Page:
Students Participate in Interdisciplinary Research on "eCommunities," Political Figures' Use of Social Media
Libby Hemphill and Jahna Otterbacher, assistant professors of communication and information studies, and Matthew Shapiro, assistant professor of political science, have joined forces on a number of multi-semester research projects and are committed to involving students in their interdisciplinary work. They meet with their student research assistants weekly during the IIT lunch hour to coordinate team members' progress, share results and ideas, and give practice presentations. The researchers include students at all levels of study and from a variety of degree programs, including technical communication and information design, computer science, political science, and psychology.
One focus of the team is the eCommunities Project, exploring language and social dynamics in online communities where participants' contributions are ordered by social voting mechanisms (for example, the perceived "helpfulness" of a contribution according to readers, or how many readers "liked" it). The students most recently involved in the eCommunities study were Charise Angderson, Erica Dekker, Jing Gao, and Aaron Samardzich (all May 2012 graduates from the M.S. program in technical communication and information design) and Ruoran Wang (CS '12)
The group used quantitative, qualitative, and mixed methods in addressing research questions. They conducted research on the Internet Movie Database (IMDb), where participants rate movies and review them. Readers of the reviews then vote for reviews they find "useful," and by default, reviews are displayed according to the perceived usefulness of the masses. Unlike most communities that use social voting to organize user-contributed content, IMDb also offers readers several other ways to order reviews, such as by chronological order, prolific writers, and reviewer gender. The "gender filter" provides a unique opportunity for eCommunities researchers to explore the interplay between participants' disclosed gender identity, their writing style, and how "useful" others perceive the contributed reviews to be.
In a second, qualitative phase of the project, the group is conducting interviews with prolific writers of reviews, both males and females, in order to better understand why the particular trends observed in the quantitative studies develop. For instance, they are interested in whether or not participants feel that their approach to reviewing and their writing style has changed over time. The team also wants to see if reviewers pay attention to their feedback scores on their reviews and if this feedback influences their behavior or not. The eCommunities team is currently collecting data, with student researchers conducting interviews via Skype.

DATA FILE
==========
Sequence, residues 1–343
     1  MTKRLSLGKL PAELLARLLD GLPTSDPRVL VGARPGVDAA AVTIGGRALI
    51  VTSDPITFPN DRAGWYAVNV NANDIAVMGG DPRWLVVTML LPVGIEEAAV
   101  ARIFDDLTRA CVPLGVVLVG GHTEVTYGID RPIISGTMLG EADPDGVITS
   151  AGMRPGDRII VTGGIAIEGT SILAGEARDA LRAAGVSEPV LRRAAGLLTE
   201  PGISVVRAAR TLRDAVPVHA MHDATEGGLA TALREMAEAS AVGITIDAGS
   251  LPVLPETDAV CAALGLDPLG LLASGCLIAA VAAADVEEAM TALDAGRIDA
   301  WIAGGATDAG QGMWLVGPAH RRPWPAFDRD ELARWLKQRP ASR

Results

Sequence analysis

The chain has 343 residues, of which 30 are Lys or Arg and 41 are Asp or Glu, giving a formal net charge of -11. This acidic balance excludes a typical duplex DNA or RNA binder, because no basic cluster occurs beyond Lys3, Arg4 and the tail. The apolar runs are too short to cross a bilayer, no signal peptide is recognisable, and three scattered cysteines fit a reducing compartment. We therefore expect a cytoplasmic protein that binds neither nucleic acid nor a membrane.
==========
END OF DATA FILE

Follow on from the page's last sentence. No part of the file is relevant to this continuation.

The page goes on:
Another, multi-semester project looks at the relationships among public officials' social media behavior and language use. For this project, Charise Angderson (MS TCID '12) and current undergraduate students Amy Paslak (CS 4th year), Drexler James (PSYC 4th year), and David Work (PS 3rd year) examined Tweets by Chicago aldermen, members of the U.S. House and Senate, high-level appointees (such as the U.S. Secretary of State), and Tweets that mention any of those officials.
The Tweets are coded by hand for their "action" or what the authors were trying to accomplish—positioning the author in relation to an issue, thanking someone for his or her help, or narrating the author’s activities, for example. The group is conducting an analysis of the networks created through "mentioning" (any Tweets that make mention of someone specific, while using their name with "user") and "following" relationships. They are using regressions to predict DW-NOMINATE values (a voting polarity scale based on how far left or right public officials’ views are from center) for members of Congress according to properties of the users and their Tweets: action, number of followers, gender, and whether from the House or Senate.
Findings so far indicate that there is a strong correlation between positioning and extreme voting and between thanking and centrist voting; that Republicans talk to and about one another more than Democrats do; and two Chicago aldermen, Robert Fioretti and Joe Moreno, dominate regardless of measuring methods, whether Tweets per hour, number of followers and friends, or mentions.
This study has received seed funding from the Social Networks Working Group at IIT and early findings were included in a grant proposal to the National Science Foundation that Hemphill, Otterbacher, and Shapiro submitted in early 2012.